FANTASY VS REALITY: PART I — THE DANGERS OF ROMANTICISM
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Who knows why I chose to keep pushing this off for an insanely long time. Perhaps because I still wrestle with this a lot, even being as old as I am.
And I also suppose it’s because most of the time I like writing pieces about things I’ve overcome rather than things that are current stumbling blocks.
Although, isn’t that the point of being an effective witness?
It shouldn’t always be about looking picture perfect or being spot on, but helping those struggling to know that you have your shortcomings too. It’s a necessary reminder that even the best of us need Jesus.
Frankly, If we’re being honest here, even among the best of us, no one is truly the best. We’re all broken people being rebuilt by the Savior and each of us is doing the best we can to get better.
So I shouldn’t be ashamed of that. I’m just simply doing my best and that’s what counts.
And truthfully I haven’t been myself lately…mostly because of this thing I’m going to talk about:
What does it stem from? Where does it come from? What does it evolve itself out of?
The simple answer is loneliness, but for some of us it isn’t quite that simple is it.
There’s nothing like going through life thinking you’re the most content you’ve ever been until certain things come and tamper with that belief. I blamed being around people complaining of being single and desperately wanting to be in a relationship as the cause. I pointed the finger at my recent obsession with K-Pop music (both of which did play a small part, but ultimately were not the true factors for what I am about to share with you.)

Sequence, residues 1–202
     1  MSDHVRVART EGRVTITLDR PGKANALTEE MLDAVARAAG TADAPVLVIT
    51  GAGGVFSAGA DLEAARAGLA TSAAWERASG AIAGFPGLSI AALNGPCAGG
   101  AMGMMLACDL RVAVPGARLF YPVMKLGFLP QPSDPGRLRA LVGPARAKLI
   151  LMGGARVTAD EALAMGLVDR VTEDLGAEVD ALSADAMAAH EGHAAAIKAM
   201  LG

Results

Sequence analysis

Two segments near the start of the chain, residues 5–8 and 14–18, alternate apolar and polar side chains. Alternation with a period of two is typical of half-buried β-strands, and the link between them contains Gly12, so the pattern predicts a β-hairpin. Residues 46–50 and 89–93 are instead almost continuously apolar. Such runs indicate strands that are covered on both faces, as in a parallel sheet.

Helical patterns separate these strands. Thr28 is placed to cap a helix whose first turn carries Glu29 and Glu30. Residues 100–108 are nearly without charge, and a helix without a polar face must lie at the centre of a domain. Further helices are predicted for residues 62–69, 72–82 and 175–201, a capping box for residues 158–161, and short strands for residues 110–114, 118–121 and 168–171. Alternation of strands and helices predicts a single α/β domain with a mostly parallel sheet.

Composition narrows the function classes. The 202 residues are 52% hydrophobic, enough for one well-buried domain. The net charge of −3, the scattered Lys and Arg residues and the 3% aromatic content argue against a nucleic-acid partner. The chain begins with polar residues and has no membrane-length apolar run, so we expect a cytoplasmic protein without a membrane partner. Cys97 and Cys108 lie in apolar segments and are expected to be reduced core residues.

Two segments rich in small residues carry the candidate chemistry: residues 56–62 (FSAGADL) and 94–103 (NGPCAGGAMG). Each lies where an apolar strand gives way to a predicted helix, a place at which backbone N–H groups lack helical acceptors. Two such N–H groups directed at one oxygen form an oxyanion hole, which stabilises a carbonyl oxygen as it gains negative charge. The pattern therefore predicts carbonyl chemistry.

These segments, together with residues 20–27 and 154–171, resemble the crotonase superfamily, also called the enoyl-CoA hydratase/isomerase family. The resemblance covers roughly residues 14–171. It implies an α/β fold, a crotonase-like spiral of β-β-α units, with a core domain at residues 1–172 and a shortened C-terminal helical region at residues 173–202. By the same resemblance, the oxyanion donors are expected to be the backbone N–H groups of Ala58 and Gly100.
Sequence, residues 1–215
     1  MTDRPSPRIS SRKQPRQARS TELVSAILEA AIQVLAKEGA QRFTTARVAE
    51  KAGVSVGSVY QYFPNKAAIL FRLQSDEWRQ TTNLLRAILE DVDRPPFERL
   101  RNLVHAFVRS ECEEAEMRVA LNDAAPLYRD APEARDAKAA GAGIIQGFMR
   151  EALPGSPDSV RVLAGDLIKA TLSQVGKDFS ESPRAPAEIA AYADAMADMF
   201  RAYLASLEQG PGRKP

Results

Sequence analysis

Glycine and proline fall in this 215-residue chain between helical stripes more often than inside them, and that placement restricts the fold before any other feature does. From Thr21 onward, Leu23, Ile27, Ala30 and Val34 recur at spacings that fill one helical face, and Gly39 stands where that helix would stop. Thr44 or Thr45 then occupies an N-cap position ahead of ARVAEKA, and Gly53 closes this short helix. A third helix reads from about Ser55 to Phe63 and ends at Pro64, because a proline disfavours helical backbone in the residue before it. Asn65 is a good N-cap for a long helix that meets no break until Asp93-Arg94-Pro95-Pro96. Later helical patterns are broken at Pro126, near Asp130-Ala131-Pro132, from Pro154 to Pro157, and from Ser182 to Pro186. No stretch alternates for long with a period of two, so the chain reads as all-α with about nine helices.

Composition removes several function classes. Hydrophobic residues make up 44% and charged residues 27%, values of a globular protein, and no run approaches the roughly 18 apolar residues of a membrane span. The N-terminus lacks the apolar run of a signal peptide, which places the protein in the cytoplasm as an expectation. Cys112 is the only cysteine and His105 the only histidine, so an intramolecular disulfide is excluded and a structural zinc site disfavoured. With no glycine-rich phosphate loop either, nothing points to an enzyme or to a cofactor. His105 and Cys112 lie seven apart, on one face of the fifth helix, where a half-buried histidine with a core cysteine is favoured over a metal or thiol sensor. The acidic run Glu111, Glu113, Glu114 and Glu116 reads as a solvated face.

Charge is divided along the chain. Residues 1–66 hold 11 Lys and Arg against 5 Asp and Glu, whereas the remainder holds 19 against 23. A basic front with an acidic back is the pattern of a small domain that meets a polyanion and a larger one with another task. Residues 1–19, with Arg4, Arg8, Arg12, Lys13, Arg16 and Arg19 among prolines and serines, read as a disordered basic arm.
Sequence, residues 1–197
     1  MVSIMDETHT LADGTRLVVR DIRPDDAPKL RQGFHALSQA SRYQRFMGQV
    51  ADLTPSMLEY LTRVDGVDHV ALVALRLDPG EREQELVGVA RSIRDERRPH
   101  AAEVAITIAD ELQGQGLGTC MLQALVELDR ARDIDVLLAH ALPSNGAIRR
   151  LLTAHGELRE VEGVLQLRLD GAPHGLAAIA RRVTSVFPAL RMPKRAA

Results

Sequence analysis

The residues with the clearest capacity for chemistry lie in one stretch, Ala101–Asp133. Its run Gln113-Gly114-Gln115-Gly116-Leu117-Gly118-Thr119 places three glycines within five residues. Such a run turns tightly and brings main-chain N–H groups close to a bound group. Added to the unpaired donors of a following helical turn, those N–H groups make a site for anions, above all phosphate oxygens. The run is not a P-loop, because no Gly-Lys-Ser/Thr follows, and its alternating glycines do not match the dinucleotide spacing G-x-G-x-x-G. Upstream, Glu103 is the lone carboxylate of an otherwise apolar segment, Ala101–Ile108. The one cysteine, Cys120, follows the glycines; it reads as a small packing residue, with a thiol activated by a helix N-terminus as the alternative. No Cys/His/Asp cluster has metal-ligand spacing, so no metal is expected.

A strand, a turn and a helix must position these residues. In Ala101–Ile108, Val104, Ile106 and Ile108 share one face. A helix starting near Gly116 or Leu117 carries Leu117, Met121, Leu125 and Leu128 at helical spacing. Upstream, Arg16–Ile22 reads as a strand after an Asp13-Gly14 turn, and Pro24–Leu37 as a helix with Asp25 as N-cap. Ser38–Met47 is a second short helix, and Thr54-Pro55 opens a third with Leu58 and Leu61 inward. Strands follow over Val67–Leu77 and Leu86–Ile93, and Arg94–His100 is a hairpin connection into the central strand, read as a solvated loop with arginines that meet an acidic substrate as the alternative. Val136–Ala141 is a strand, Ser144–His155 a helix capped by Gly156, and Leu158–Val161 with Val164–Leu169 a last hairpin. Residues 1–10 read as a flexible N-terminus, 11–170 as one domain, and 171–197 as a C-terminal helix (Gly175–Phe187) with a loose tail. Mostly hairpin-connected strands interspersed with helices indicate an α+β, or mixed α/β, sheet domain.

You see, it’s easy to make romance songs, movies and books the scapegoats. “Man, I need to stop (reading/listening to/watching) this stuff! I was fine until I started entertaining all that!” Perhaps you are right. All the things mentioned, including those things listed above, can be triggers for loneliness.
But were you actually fine? Were you really okay or did it take those things to expose what was already there?
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These are things I’ve had to ask myself recently.
Romanticism in of itself seems straightforward, but in actuality, it’s more complex than you think. As it is defined, romanticism is described as something that borders on imagination. An idea that is impractical or unrealistic, and eventually, becomes belief. In a way this is true, but I think it’s even more than that. Romanticism not only can cause you to lose touch with reality, but it can also cause you to objectify people. It has you lust over traits and characteristics that you either attach or associate with that person while simultaneously stereotyping them. Romanticism can be quite disrespectful when you think about it because once the thrill gets cold it moves on to the next well of desire. Then once that well dries up, it moves on again, and again, and it never takes the person into consideration.
In some ways, I think there are some of us who have not only been victims but have created a body count of our own through romanticism…
Still, we have something like romance right? Romance between two people—scratch that—two MARRIED people isn’t a bad thing, is it?
I would say (going off of what I’ve heard from married folks in healthy, strong marriages) that romance without God in the picture is nothing more than lust. It’s fickle. If the romance is birthed from false pretenses and/or does not have Jesus Christ as the foundation then it’s an infatuation and a relationship that will soon be short-lived. Romance is nice, it lights the fire, but it takes Jesus, work and love to keep it going (and to get it going again when it’s burned out.)
We all know where lust leads us…but back to my point.
I remember all those times I fell into a whirlwind of, “Oh my goodness…(sigh)…If I could have a guy just like that…” every time I saw my celebrity crush in some film, saw his music video, etc. I recall watching Stomp the Yard and desiring a man who was a mixture of Brian White and Columbus Short. He’d be black, in a BGLO (Black Greek Letter Organization), and attending an HBCU.